3. Biological resources – flow concerns for the Apalachicola Bay and other biologic and fishery issues.
Comments by Robert F. Kennedy, Jr. about metro Atlanta's water management sparked responses from Atlanta leaders. Credit: opportunitygreen.com

Comments by Robert F. Kennedy, Jr. about metro Atlanta’s water management sparked responses from Atlanta leaders. Credit: opportunitygreen.com

Kennedy’s comments prompted the Regional Business Coalition of Metro Atlanta to swing into action. Terry Lawler, the group’s executive director, responded directly to Kennedy’s contention in a statement Lawler distributed around the state. The headline reads: “RFK, Jr. Statements on Water and Oysters Are All Wet,” followed by a 750-word statement that begins:

“In recent newspaper articles and interviews, Robert F. Kennedy, Jr., president of the Waterkeepers Alliance, made some factually incorrect statements about water use in Georgia as well as metro Atlanta’s and Georgia’s ongoing efforts to conserve and protect our water resources.”

Katherine Zitsch, who in January became the director of the Metro North Georgia Water Planning District, said she thinks the region does not receive due credit for water conservation efforts implemented over the past decade.

“We are committed to water conservation and that message is getting overlooked, Zitsch said. “The good work we’re doing, and have done, is not coming out anywhere.

“I don’t think where we are today is the end game in water conservation,” Zitsch said. “I think it is an ever-evolving process as technology improves and we educate the public. In July, we roll out another water conservation campaign. It’s one of the many things we are working on to change water consumption practices.”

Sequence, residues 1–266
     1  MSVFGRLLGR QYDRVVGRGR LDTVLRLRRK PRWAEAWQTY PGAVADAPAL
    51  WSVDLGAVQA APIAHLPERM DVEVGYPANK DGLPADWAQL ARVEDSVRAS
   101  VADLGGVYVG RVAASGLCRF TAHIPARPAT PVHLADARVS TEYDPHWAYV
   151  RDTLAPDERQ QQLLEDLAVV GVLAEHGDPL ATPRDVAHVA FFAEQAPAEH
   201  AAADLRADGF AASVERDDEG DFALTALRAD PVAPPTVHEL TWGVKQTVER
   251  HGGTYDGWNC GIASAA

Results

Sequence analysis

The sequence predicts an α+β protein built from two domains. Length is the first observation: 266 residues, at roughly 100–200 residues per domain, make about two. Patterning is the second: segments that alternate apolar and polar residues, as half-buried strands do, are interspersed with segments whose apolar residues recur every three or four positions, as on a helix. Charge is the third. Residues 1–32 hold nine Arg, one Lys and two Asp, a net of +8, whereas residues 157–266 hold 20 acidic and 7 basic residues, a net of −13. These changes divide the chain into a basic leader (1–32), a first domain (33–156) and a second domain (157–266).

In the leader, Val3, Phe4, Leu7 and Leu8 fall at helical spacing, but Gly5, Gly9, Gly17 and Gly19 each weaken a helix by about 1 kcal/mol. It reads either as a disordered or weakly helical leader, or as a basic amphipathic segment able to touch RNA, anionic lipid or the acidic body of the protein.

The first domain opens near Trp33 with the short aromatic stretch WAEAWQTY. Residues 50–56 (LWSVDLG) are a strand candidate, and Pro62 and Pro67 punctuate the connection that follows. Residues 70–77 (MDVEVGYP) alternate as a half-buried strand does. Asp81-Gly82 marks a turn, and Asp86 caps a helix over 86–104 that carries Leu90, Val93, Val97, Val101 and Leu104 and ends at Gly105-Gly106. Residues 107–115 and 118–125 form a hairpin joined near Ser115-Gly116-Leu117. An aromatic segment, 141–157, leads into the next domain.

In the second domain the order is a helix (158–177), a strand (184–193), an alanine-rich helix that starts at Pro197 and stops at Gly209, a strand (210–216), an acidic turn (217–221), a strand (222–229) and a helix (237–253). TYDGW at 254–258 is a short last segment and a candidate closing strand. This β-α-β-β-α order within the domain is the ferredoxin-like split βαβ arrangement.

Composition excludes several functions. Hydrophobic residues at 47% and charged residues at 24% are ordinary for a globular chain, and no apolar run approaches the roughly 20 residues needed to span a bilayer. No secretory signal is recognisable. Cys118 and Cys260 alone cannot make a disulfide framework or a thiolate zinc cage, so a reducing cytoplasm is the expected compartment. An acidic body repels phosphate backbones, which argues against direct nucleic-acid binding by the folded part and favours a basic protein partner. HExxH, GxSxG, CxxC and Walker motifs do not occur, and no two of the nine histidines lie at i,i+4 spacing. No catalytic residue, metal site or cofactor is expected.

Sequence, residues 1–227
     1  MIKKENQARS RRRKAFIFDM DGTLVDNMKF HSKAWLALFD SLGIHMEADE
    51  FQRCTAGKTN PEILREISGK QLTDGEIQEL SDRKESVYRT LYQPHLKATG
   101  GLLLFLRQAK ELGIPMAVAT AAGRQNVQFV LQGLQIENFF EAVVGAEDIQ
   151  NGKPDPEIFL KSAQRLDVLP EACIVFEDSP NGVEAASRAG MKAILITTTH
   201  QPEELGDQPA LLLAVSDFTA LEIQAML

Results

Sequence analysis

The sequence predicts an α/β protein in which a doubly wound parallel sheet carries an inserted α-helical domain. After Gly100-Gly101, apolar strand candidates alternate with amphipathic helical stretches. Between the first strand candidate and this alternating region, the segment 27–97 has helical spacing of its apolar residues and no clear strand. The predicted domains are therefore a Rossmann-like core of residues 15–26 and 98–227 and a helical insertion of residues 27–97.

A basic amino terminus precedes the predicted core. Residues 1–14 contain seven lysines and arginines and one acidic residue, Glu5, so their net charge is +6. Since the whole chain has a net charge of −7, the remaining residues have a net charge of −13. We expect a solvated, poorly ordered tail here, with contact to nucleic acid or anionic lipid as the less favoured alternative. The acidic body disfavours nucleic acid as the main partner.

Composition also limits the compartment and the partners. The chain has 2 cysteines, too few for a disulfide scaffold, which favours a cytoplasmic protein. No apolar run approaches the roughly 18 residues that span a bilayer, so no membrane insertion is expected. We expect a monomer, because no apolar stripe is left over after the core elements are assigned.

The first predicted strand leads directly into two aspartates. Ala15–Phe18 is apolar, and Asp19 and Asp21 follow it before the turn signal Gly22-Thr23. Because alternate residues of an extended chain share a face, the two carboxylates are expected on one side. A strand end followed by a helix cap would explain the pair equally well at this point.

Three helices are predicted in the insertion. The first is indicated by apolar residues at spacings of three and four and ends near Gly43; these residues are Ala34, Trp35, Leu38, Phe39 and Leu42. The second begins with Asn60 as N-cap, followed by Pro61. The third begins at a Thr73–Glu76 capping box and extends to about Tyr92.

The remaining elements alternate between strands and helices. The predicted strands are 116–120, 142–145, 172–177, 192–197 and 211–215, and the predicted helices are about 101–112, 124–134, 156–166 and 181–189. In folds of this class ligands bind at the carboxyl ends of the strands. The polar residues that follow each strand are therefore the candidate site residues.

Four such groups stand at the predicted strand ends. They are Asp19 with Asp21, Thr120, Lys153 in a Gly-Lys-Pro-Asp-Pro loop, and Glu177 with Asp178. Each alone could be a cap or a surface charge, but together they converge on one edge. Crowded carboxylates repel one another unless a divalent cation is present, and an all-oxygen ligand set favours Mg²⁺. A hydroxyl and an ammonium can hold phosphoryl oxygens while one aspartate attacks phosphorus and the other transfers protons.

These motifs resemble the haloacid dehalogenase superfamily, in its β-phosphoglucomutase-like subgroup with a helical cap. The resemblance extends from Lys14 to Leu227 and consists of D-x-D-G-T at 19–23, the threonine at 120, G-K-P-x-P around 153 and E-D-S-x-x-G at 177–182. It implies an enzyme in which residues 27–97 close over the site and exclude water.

Sally Bethea, the founding director of Chattahoochee Riverkeeper, said she doesn’t see a reason for the recent uproar.

“Robert Kennedy was talking very generally about the importance of all stakeholders in the river basin working together,” Bethea said. “I think he noted accurately that all too often environmental quality is not given enough attention in decisions about river basins.

“I’m puzzled by the defensiveness of some metro boosters,” Bethea said. “Indeed, over the last decade, metro Atlanta has taken some important steps to conserve water…. But we still have a lot more to do.”


David Pendered

David Pendered, Managing Editor, is an Atlanta journalist with more than 30 years experience reporting on the region’s urban affairs, from Atlanta City Hall to the state Capitol. Since 2008, he has written for print and digital publications, and advised on media and governmental affairs. Previously, he spent more than 26 years with The Atlanta Journal-Constitution and won awards for his coverage of schools and urban development. David graduated from North Carolina State University and was a Western Knight Center Fellow.


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  1. Gypsyjon June 18, 2013 10:10 am

    Water conservation in Atlanta?? You can not be serious!  Every office park, apartment complex, residences etc continue to waste huge amounts of water on lawns…give me a break…There is little water conservation effort being made in Atlanta.Report

  2. SharonB June 18, 2013 11:17 am

    I was just about to say the same thing- asking people to water their lawn on a specific day is NOT conservation. I have never seen any evidence of water conservation in Atlanta.Report

  3. vicy bryant mclane June 18, 2013 11:27 am